Politics & Media
Mar 29, 2018, 05:56AM

Student Anti-Gun Activists Are a Protected Group

Once you decide to play the political game roughly, you don't get any breaks.

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The shooting at the Marjory Stoneman Douglas High School on Feb.14 saddened the nation and then gave birth a new anti-gun movement like the nation’s never seen before. Its leaders are a handful of the survivors of the attack, and they can often be seen on TV, whether it's a CNN Town Hall or panel discussion, or the March For Our Lives rally last weekend in Washington D.C. The media puts them forward as authoritative voices, regardless of their actual knowledge of policy issues, because they're perceived to have earned moral authority through their suffering.

Anyone pushing back against the teens risks severe criticism, which is something progressives specialize in. It's reminiscent of the treatment people got if they suggested anything negative about Caitlyn Jenner, back when she was wrongly assumed to be a liberal just because she's a transgender activist.

A relatively tame example of this sort of tone policing is former U.S. Attorney Preet Bharara’s tweet suggesting you’re “losing” if you attack these kids. While there's some truth that traumatized teens deserve some extra consideration, the harsh reality is that they've decided to play hardball in the political arena so they don't get to play by their own rules. By hardball, I mean things like carrying around price tags at the D.C rally for $1.05 because their analysis of NRA campaign contributions to Florida Sen. Marco Rubio indicated to them that he'd priced the lives of each student in his state at a buck and change.

Harsh, and far from fair to claim that Rubio made that obscene calculation, or suggest that the NRA bribed him. That organization, like the ones that donate to Democrats too, find candidates that vote their way and then give them money instead of handing them cash to buy their vote.

It's clear that these kids can get away with anything at this point, mostly because they're backed by the media and progressives who’re pleased that they can say things they're not allowed to. Even in a debate on a topic as emotion-driven as guns, it’d hard for an adult to suggest that a guy with four children of his own looks at young lives as being worth about the same as a can of Coke. But if a high school student does it, Vox and CNN will report on it as if it were an acceptable political tactic. Would it be preferable if the senator “valued” children's lives at a higher dollar amount? If so, then using the logic employed in arriving at the $1.05 figure means Rubio should have taken more money from the NRA, which none of the college-educated people in the media have mentioned. If he'd taken much less money, then they could say he thinks kids’ lives are worth only a nickel.

The Left has brought its identity politics to this fight, meaning that people are defined by various demographic boxes they check rather than as individuals. If you criticize the Marjory Stoneman Douglas students then you're criticizing their “experience” in the parlance of intersectionality. They know this issue because they've lived it. Their passion and intensity can’t be countered by those who haven't also lived it, even if they're armed with policy knowledge and facts. For some reason, progressives haven't said a word about the students' white privilege in this case.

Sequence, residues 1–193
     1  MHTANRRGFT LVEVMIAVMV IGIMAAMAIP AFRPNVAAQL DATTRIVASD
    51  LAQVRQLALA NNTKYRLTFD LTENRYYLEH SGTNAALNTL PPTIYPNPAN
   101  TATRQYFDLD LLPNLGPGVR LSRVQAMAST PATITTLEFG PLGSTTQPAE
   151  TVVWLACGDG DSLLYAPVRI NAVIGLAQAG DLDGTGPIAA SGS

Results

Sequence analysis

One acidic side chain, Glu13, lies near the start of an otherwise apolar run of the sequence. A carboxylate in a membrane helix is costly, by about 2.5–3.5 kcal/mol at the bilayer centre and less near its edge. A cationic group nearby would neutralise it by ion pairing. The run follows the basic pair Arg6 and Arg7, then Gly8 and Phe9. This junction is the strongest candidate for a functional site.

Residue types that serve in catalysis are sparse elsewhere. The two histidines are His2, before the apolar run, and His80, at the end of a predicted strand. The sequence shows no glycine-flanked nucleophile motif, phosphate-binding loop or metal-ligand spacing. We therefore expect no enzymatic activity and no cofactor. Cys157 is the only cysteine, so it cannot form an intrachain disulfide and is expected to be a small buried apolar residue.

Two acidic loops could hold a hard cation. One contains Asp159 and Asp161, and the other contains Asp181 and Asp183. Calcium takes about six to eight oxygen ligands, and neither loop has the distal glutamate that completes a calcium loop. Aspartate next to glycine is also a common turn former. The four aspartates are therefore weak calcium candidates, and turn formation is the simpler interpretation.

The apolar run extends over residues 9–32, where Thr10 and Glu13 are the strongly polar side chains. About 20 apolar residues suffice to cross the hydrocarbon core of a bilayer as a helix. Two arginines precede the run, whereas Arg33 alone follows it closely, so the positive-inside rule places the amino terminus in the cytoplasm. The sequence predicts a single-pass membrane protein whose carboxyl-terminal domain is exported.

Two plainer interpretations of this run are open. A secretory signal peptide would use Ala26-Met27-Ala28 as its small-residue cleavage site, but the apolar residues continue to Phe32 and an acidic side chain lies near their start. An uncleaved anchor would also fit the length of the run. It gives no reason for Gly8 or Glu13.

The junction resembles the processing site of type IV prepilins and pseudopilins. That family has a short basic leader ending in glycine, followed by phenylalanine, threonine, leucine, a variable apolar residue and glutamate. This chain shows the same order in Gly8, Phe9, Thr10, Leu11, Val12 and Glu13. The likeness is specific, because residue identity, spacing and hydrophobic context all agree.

The most visible of the high school #NeverAgain activists is the talented young demagogue David Hogg. While there were four law enforcement agents at his school on Feb.14 who stood outside while his classmates were gunned down, and other authorities including the FBI failed to take action against the shooter, Hogg ignores this completely, choosing instead to use incendiary language that will certainly bring out the Republican vote in the midterm elections in November. At the rally on Saturday, he spoke of the 96 Americans who die per day from gunshots. Two-thirds of those people are suicides, and most of the deaths are from handguns, but his movement addresses only weapons in the AR-15 category. It has no ideas that will lower that 96 figure by much.

Here's an example of the rhetoric Hogg thinks will advance his cause: “It makes me think what sick fuckers there want to sell more guns, murder more children and honestly just get reelected. What type of fucking person does that? They can have blood splattered all over their faces and they don’t take action because all they see are dollar signs.” He sounds like someone who’s emotionally exhausted, not a leader. The teen is quickly approaching the end of his grace period where this sort of language is given a pass.

Hogg has every right to speak out, as do his classmates, although the media’s much less interested in the ones who disagree with him. The #NeverAgain movement often appears more performative than substantive. Emotion can be an effective driver of political change, but unharnessed it can undermine a cause. The media's put Hogg on a pedestal, but he's not savvy enough to realize the backlash his demagoguery will inevitably produce. Progressives don't get this either, but this is making them feel good so they're excited.

There are few better ways to get Republicans to the polls than to make them think there's a revolution underfoot aimed at grabbing their guns. It was looking like many of them would stay home in November, but who knows now? David Hogg's on a roll, but progressives should lighten up on lecturing people who take shots at him. 


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